The biopsy is widely recognized as the gold standard for diagnosing and staging liver fibrosis. This approach, however, has some drawbacks, including the possibility of sampling variability, pain, and low-patient acceptance. Furthermore, it is still debatable whether a tissue diagnosis of liver fibrosis is needed. In cases of viral hepatitis, there are now an increasing number of effective non-invasive approaches that are widely used in clinical practice, resulting in a substantial reduction in the need for liver biopsy [4].

MMP-1, also known as collagenase-1, is a protein that cleaves both ECM and non-ECM substrates including collagen, gelatin, laminin, complement C1q, interleukin 1 beta, and tumor necrosis factor-alpha and thus plays a role in fibrotic and inflammatory processes [6]. It has been reported that MMP-1 overexpression attenuates fibrosis by promoting collagenase-1 degradation, alters the ECM network and thereby the cell–ECM interaction, induces hepatocyte proliferation and thus liver regeneration, and promotes HSC apoptosis and hence reduced collagen production [7]. MMP-1 also plays a crucial role in ECM degradation during the recovery phase of experimental liver fibrosis [8].

Therefore, we conducted this study aiming to measure the value of serum MMP-1 in children with CLD in comparison with liver biopsy and serum biomarkers.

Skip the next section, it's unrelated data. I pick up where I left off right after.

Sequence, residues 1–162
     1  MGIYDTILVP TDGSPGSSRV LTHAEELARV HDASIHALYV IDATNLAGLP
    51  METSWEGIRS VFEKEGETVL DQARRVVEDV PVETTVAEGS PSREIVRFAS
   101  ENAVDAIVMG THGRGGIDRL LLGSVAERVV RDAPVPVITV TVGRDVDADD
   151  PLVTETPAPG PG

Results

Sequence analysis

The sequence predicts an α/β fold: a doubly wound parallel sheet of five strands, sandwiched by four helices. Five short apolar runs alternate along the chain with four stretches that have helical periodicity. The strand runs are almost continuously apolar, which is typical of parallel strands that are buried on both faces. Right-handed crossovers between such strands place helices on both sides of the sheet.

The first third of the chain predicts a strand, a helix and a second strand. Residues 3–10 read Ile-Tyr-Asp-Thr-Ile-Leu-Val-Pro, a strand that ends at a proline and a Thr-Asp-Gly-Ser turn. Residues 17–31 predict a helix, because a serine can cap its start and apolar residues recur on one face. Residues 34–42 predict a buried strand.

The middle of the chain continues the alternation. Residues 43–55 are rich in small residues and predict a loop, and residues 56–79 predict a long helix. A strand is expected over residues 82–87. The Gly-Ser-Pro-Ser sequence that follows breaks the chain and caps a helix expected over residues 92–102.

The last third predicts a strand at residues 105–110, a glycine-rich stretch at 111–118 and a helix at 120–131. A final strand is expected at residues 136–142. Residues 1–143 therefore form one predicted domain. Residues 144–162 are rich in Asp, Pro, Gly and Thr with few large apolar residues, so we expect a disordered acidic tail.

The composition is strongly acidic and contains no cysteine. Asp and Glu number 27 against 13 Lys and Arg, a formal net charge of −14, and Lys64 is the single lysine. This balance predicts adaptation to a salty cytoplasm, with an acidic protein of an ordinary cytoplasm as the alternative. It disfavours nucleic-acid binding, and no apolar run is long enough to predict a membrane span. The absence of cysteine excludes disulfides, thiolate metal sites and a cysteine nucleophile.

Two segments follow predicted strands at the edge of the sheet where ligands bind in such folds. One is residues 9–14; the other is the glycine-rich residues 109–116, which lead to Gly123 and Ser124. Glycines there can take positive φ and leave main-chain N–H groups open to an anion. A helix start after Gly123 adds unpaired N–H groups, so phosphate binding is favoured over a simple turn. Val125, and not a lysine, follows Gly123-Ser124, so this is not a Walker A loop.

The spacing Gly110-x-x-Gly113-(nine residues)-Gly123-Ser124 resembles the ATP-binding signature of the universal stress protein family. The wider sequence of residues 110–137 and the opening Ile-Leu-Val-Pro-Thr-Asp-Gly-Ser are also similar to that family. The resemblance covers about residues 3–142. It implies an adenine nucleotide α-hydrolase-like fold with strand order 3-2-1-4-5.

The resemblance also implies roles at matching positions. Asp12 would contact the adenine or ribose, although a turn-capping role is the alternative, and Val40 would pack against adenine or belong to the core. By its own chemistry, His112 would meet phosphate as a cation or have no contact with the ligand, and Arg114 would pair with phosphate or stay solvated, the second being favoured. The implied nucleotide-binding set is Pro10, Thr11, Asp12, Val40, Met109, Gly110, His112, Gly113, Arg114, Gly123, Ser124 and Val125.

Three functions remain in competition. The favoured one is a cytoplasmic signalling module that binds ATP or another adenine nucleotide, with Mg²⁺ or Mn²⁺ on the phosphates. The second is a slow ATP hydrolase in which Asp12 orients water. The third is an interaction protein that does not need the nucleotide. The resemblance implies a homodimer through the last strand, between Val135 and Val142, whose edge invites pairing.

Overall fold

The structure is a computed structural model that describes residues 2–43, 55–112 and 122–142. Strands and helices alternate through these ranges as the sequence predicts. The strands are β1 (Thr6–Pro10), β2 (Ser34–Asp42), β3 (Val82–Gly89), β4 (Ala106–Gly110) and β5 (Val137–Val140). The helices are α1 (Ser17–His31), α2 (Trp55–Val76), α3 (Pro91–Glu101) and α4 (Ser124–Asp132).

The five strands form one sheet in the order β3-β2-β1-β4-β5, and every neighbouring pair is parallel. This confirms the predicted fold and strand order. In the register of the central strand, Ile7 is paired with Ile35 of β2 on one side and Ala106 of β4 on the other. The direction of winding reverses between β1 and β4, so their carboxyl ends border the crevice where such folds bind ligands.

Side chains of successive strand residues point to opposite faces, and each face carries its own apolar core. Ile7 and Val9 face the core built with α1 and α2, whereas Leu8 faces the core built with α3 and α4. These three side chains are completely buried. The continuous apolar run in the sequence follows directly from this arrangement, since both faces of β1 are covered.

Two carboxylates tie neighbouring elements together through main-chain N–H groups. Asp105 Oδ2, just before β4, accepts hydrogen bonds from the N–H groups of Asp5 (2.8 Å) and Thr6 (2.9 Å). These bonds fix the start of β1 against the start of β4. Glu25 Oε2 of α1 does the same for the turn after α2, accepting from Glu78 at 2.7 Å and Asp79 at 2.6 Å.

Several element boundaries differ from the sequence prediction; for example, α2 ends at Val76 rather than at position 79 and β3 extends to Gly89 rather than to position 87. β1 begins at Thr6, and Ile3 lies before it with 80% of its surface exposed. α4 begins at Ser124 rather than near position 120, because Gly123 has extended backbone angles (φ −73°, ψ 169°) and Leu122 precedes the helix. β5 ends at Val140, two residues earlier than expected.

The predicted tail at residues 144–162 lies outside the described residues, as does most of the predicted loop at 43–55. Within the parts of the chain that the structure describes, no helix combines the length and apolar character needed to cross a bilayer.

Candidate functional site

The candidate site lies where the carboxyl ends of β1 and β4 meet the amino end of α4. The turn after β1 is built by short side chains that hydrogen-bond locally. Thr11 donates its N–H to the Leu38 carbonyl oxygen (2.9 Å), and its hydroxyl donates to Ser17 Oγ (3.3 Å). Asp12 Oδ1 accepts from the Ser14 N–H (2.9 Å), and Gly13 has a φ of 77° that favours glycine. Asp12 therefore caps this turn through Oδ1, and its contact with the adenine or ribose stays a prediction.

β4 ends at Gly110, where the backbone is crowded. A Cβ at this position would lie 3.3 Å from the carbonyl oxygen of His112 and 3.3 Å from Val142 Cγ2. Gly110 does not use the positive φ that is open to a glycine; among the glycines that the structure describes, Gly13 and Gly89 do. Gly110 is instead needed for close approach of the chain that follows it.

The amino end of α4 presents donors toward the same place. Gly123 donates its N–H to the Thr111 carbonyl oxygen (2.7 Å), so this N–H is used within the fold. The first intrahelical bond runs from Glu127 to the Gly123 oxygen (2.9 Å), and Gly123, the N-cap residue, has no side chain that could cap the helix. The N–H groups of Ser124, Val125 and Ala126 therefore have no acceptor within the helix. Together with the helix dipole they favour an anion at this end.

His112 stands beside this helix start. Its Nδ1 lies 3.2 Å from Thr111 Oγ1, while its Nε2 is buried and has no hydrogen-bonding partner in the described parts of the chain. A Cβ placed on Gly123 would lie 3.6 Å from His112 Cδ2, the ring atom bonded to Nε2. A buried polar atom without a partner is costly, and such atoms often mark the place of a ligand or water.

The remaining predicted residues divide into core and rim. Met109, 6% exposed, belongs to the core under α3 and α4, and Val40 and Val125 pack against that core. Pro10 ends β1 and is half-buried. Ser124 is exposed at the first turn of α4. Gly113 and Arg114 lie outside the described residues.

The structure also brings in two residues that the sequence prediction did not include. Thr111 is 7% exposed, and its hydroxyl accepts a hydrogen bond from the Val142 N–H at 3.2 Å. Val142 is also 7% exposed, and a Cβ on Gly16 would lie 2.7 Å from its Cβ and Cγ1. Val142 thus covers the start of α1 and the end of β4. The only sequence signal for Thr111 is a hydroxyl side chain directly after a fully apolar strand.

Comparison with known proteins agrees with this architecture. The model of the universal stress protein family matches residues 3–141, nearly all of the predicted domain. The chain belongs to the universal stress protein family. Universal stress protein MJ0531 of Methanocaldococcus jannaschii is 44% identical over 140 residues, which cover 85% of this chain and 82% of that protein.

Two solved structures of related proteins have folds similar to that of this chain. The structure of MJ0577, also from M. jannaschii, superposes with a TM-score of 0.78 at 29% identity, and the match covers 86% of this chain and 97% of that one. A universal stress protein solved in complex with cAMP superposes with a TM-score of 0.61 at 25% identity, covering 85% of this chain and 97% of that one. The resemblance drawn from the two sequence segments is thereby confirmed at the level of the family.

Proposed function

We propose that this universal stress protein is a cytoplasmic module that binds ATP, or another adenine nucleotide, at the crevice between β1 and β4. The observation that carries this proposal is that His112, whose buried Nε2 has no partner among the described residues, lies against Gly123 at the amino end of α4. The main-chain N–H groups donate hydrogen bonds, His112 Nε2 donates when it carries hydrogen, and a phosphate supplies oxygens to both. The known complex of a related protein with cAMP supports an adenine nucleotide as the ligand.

Study design and population

This cross-sectional comparative study was conducted on 180 children, who were divided into two groups: children with CLD group included 120 children diagnosed with a long-term permanent alternation in the hepatic structure that can lead to complications including cirrhosis and premature death [9] based on clinical, laboratory, and histopathological examinations. Patients were recruited from the pediatric hepatology outpatient clinic of Benha University Hospitals between December 2018 and December 2020, along with 60 age/sex-matched healthy children as the control group. Control subjects were children who went to an outpatient clinic for a regular checkup for athletic training or school routine examination. Patients with CLD of different etiologies (chronic viral hepatitis B or/and C, cholestatic liver disease, autoimmune hepatitis, or metabolic liver diseases) were included. Any CLD patient with comorbidity (renal, CVS, or CNS affection) was excluded. The study was approved by the Ethical Committee of Faculty of Medicine, Benha University following “The Code of Ethics of the World Medical Association” (Declaration of Helsinki). Consent was obtained from parents/guardians after being fully informed about all study procedures before enrolment.